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Breaking: Discovery of expired chemicals in Noyce prompts evacuation, detonation

Breaking%3A+Discovery+of+expired+chemicals+in+Noyce+prompts+evacuation%2C+detonation
An ambulance joins the procession of law enforcement vehicles escorting the chemicals to their detonation on the Grinnell College Golf Course. Photo by Andy Pavey.

By Andy Pavey
paveyand@grinnell.edu

Noyce Science Center was evacuated Thursday night after a twenty-year-old batch of expired chemicals was found in storage. At around 6:30 p.m., about an hour and a half after students were first notified of the discovery, the chemicals were detonated, and a blast was heard and felt.  Explosive and bomb technicians conducted the controlled detonation on the Grinnell College Golf Course, promptly ending the threat.

Community members subscribed to Poweshiek County Emergency alerts were advised of the detonation of the chemicals in advance, but students received no warning through the Pioneer Alert system.

According to a memo from Director of Campus Security James Shropshire, the expired chemical was diethyl ether, a highly volatile and flammable compound.

Campus Safety Officer Matthew Kriegel told The S&B that chemical hygiene officer and chemistry technician Sharon Isley notified Campus Safety of the presence of the expired chemicals, and the Fire Marshal took over the operation from there.

It is unknown how the diethyl ether was not noticed and disposed of sooner.

A fire engine parked in front of Noyce Science Center. At the far door, a Campus Safety officer looks on. Photo by Andy Pavey.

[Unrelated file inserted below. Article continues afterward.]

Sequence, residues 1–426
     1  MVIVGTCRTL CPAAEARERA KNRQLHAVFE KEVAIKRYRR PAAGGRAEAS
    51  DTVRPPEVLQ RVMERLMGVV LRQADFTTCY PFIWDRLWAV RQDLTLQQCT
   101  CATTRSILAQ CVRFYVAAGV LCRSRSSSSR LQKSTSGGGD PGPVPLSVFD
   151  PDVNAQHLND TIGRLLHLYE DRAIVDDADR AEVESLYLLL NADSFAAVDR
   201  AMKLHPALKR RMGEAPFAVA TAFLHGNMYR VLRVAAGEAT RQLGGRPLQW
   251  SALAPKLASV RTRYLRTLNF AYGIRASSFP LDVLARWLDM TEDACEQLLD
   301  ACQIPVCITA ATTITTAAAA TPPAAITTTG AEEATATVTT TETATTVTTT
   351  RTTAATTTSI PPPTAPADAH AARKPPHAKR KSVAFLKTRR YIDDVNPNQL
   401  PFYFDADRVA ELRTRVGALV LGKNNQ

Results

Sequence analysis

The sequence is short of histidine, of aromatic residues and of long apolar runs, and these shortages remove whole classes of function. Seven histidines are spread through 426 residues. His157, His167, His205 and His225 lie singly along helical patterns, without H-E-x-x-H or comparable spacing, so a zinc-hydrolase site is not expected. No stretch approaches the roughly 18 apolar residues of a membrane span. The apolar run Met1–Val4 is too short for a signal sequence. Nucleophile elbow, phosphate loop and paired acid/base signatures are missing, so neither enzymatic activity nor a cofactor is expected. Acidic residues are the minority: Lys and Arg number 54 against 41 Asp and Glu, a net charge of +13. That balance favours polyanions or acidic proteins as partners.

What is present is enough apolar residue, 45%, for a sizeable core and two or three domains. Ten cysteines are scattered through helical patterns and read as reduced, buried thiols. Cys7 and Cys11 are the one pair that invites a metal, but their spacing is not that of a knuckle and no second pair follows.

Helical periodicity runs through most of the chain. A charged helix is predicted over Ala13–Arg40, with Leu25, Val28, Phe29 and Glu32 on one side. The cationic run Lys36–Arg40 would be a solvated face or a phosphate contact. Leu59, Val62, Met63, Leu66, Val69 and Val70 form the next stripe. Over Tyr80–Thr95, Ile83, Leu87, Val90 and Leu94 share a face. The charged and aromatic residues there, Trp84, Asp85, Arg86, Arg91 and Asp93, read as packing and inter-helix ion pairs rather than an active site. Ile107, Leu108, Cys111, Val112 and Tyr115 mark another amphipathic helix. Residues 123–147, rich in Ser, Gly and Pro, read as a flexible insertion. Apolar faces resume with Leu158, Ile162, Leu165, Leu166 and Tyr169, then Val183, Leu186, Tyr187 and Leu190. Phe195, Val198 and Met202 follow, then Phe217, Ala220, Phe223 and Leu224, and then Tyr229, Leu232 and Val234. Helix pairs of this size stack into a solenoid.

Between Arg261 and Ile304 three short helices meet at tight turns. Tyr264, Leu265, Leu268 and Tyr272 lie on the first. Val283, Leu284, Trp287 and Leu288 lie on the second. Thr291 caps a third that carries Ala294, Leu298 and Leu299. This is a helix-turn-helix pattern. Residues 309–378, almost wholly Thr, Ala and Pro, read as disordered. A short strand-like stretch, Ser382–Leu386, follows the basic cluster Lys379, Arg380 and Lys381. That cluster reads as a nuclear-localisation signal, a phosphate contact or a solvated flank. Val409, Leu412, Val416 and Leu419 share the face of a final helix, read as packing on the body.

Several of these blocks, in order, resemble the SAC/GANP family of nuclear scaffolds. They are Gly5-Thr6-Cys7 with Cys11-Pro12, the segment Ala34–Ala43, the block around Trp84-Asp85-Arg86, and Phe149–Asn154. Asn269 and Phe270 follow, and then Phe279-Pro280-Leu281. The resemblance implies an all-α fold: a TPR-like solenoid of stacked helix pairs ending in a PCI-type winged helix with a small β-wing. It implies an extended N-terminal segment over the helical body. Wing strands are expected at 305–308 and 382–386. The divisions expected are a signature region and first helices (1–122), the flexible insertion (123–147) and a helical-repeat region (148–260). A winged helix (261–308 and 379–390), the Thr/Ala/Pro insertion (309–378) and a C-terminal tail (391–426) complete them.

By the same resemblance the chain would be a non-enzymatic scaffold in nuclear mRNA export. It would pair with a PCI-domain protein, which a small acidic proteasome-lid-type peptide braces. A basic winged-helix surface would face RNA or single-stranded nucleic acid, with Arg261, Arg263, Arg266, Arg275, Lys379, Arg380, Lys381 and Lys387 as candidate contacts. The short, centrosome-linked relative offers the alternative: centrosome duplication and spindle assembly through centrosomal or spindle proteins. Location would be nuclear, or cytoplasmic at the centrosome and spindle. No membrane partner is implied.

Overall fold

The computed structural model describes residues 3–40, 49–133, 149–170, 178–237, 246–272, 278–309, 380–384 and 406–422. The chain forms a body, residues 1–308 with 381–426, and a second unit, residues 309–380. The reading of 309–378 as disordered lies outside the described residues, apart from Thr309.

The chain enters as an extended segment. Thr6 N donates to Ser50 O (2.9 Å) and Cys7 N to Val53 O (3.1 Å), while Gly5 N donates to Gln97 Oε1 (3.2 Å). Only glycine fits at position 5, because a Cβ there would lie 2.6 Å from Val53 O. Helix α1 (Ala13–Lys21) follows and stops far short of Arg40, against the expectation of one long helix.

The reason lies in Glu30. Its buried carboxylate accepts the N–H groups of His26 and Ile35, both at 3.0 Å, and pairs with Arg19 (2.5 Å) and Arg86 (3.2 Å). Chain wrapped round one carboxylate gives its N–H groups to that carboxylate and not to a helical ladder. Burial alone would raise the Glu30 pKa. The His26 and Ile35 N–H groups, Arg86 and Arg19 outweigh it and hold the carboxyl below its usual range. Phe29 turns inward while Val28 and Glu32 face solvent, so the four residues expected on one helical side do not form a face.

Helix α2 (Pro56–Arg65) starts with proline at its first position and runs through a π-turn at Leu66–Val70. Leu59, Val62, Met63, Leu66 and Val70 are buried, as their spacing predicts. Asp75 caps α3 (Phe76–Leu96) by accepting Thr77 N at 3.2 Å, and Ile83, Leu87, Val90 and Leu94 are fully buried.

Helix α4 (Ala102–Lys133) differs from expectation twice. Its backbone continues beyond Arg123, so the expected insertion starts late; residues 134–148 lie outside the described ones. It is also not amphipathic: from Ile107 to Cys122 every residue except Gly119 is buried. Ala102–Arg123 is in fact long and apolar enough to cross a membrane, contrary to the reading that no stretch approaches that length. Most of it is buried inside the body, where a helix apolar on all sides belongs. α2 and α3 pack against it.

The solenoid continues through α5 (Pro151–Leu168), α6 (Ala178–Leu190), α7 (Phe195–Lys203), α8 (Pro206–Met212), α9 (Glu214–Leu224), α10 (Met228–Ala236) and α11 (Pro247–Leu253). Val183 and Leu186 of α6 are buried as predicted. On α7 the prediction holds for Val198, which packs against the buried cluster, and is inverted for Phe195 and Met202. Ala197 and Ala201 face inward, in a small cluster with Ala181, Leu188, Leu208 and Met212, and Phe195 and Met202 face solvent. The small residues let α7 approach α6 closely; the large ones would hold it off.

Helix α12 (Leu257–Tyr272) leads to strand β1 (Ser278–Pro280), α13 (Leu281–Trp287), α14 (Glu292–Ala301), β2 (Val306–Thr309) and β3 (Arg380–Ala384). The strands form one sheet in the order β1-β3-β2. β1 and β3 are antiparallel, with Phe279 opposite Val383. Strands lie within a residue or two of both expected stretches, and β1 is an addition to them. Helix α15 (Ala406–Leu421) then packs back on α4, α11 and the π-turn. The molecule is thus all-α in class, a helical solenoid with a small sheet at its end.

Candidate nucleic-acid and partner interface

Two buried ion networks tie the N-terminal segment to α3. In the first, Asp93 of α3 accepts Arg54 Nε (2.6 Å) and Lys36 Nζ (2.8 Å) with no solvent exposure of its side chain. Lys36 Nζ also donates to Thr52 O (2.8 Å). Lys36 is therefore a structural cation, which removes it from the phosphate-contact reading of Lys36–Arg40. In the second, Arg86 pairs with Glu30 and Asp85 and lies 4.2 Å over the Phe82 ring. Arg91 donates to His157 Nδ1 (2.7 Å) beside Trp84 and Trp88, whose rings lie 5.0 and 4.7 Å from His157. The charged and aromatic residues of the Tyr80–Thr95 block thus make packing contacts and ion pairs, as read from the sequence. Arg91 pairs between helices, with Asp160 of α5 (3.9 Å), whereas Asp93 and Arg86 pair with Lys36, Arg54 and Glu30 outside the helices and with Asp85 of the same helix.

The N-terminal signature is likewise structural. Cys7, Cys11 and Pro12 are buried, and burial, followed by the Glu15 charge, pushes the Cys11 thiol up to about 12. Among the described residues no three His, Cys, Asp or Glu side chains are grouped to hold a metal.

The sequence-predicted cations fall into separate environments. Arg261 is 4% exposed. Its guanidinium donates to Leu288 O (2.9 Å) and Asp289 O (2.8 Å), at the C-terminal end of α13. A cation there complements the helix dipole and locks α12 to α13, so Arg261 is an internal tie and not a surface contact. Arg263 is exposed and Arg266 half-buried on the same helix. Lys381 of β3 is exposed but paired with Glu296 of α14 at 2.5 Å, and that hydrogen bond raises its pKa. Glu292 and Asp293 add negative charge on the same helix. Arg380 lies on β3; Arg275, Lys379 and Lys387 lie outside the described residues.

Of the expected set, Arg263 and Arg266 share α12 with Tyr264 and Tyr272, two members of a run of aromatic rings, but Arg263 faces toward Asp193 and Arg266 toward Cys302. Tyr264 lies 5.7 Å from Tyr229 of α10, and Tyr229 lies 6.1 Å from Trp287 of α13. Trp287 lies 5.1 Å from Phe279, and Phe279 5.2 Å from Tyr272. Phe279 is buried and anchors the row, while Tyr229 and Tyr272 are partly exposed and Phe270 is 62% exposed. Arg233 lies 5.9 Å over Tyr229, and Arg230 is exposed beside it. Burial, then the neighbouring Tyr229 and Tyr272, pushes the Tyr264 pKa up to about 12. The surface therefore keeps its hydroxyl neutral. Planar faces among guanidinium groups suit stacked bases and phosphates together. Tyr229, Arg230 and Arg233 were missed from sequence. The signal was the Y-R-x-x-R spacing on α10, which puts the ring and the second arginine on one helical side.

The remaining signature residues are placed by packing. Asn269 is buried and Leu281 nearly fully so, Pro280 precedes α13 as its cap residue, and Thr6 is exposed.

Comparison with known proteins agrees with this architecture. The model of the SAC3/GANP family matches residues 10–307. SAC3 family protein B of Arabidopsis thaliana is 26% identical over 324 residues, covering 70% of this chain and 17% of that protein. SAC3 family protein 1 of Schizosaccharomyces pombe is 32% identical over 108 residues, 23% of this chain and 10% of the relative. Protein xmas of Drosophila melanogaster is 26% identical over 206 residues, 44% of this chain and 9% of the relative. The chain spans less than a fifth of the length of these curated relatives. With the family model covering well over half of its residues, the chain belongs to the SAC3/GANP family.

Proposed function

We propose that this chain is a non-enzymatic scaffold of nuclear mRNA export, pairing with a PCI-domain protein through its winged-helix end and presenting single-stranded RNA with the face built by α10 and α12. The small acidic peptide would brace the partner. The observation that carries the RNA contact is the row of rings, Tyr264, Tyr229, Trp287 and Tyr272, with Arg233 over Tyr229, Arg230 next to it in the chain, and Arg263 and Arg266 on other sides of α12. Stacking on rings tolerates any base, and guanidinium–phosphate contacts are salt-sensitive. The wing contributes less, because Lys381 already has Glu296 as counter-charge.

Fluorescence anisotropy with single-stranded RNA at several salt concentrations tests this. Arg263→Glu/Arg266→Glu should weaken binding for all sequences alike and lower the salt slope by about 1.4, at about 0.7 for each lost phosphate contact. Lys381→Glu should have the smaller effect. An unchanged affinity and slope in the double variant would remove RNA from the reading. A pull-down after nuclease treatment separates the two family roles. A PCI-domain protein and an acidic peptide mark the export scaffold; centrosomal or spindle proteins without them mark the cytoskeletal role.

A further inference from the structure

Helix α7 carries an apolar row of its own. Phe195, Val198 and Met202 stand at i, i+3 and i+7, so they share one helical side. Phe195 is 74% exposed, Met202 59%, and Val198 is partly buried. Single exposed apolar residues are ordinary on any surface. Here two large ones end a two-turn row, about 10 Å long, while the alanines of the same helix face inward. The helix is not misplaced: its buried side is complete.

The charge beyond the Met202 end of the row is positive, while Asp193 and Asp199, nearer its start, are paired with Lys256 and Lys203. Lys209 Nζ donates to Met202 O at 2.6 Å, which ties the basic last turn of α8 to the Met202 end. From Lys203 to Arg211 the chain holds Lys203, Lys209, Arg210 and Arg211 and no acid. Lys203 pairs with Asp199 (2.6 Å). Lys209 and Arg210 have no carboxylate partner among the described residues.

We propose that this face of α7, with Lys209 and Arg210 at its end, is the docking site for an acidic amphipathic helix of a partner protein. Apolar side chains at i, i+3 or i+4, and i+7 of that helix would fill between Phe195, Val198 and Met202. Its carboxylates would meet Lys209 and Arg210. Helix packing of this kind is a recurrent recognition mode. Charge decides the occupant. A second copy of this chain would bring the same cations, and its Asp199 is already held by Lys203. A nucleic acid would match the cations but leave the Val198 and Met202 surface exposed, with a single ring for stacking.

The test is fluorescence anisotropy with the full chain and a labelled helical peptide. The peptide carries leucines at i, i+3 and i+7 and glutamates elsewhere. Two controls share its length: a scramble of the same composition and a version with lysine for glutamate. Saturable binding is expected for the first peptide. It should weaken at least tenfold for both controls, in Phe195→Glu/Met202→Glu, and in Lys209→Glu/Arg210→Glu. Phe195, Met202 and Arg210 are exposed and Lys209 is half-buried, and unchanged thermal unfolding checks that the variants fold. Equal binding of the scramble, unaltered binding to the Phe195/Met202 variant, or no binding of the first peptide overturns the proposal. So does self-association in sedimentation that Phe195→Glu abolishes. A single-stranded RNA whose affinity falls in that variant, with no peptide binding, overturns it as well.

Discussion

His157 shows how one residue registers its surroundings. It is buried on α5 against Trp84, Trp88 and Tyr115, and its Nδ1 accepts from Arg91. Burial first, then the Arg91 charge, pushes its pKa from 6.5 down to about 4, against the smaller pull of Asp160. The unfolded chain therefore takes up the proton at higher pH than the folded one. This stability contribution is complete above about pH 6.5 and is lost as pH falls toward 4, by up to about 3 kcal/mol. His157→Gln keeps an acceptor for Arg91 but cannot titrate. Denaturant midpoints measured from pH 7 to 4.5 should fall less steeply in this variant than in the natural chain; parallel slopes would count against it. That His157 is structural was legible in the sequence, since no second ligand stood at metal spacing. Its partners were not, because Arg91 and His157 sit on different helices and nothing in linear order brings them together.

Students were alerted to the threat by a Pioneer Alert instructing them to avoid the north and east sides of Noyce. Campus Safety and Facilities Management staff helped herd students out and stood guard at entrances while the chemicals were removed from the building. Kriegel emphasized that an “abundance of caution” was being exercised throughout the process.

The chemicals were loaded into the scoop of a backhoe and escorted by a caravan comprised of law enforcement and campus safety vehicles. Their goal, according to Facilities Management Groundsperson Bart Benson, was to “take [the chemicals] up by the observatory and let them go ‘boom.’”

The slow-moving procession moved east on 8th Avenue, drove north on East St., and followed a service road adjacent to the Bear Recreation & Athletics Center until it reached “an unused area of the Grinnell College Golf Course, where it could be buried with a detonation charge and disposed of,” wrote James Shropshire in a memo sent the following day. “There is no ongoing concern of danger.”

Law enforcement vehicles on East St. drive toward the Grinnell College Golf Course, as seen through the Rose Hall arch. Photo by Andy Pavey.

UPDATE (11/15/19): This article has been updated to reflect new information provided by the Department of Campus Safety.

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